Cliff Stearns, the top Republican on the House Communications Subcommittee, launched a pre-emptive salvo at the end of last week that showed what kind of ride he expects to give the FCC’s plan once it gets to his panel.
From what he’d seen so far the plan represents nothing more than “the success of the national broadband plan that we already have,” he wrote in a letter to the FCC. He also said he expected the plan to be based on private investment – the old free-markets-know-best routine – and that he hoped the plan would not be “littered with hidden agendas.”
Stearns also said he wanted to know what the FCC spent in coming up with the plan. How’s that for putting someone on the defensive?
Another possible fly in the soup is a Congressional waiver for agencies to defer from releasing details of their spectrum use, if by doing so it would harm national security or public safety.
The Radio Spectrum Inventory Act now being considered by Congress is needed for the FCC to identify spectrum it can provide to the wireless industry, given the squeeze that’s becoming apparent because of burgeoning broadband needs for video etc.
However, if there are swatches of data missing on various parts of the spectrum used by agencies, how can the FCC identify if it can be reallocated? And – my suspicious mind at work here – what’s to stop agencies who don’t want to give up the spectrum declaring it subject to the national security exemption, even it might not be worthy of it?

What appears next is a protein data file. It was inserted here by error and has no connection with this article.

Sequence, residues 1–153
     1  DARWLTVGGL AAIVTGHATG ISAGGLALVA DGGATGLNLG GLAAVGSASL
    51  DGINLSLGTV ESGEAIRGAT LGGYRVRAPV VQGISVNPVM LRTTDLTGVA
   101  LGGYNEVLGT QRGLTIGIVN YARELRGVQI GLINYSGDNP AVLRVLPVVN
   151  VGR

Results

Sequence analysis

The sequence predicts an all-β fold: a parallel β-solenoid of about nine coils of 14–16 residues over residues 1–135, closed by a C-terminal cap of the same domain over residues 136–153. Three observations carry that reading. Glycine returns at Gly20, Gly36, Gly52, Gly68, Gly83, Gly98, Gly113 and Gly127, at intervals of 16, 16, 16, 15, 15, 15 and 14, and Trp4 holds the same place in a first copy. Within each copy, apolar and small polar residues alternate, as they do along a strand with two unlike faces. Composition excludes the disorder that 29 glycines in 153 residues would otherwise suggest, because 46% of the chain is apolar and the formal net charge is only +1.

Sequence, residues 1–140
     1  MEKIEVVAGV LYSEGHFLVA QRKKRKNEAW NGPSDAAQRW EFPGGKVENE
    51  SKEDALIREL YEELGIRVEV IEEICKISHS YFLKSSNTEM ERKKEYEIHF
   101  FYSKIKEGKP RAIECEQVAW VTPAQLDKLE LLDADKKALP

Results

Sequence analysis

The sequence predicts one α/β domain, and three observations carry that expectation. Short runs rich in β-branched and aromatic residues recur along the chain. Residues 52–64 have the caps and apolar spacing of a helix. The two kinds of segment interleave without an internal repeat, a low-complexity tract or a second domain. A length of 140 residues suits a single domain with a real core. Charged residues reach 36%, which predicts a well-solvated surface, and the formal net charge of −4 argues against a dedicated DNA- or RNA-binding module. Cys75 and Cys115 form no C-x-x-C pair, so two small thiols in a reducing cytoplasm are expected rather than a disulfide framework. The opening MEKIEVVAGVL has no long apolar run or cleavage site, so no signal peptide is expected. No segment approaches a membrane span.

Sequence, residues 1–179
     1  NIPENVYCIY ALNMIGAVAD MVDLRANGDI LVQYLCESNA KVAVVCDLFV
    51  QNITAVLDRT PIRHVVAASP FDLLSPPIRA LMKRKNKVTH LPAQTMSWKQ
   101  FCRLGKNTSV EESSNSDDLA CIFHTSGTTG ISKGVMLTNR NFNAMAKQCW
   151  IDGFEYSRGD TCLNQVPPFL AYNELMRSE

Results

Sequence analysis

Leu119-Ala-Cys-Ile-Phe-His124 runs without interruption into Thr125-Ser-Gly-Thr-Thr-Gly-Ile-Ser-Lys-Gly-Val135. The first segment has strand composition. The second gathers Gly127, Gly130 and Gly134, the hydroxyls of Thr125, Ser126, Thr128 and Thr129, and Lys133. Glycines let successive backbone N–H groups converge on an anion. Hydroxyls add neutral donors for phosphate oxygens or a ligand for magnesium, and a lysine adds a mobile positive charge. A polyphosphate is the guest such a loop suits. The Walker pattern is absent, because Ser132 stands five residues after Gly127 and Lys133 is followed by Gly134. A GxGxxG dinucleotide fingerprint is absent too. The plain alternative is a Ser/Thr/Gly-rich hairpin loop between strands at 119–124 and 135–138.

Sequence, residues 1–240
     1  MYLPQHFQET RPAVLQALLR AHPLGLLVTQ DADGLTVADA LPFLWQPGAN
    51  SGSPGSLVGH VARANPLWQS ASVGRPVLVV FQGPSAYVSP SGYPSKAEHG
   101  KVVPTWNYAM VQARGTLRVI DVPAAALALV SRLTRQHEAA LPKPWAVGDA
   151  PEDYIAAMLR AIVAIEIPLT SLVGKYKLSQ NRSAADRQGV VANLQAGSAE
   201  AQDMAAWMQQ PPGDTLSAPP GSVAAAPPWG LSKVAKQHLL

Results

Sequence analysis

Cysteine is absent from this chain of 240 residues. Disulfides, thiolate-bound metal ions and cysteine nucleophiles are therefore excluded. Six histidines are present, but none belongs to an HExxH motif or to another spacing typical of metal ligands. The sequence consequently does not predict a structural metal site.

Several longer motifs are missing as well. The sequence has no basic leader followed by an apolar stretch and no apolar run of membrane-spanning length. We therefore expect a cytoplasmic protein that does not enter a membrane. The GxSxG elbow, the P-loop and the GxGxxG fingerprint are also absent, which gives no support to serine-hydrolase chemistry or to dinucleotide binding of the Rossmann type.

Like I said, there are still miles and miles to go.
Posted on Mar 16, 2010 at 9:03 AM0 comments
For government agencies, complying with new security guidelines from the National Institute of Science and Technology can be the equivalent of eating broccoli: It’s good for you, but that doesn’t mean you enjoy it. With recent announcements, however, there’s a heaping of tasty melted cheese included in the form of potentially saving big bucks.
In a GovInfoSecurity.com interview, NIST’s Federal Information Security Management Act project leader, Ron Ross, shows how agencies can team with other agencies -- or candidly piggyback on their work -- to hack away at the time and effort needed to qualify IT products and services for purchase.
That’s a part of NIST Special Publication 800-37, a guide for agencies to apply risk management techniques to harmonizing IT certification and accreditation across the government. That was just one of a number of announcements NIST made about security issues in late February.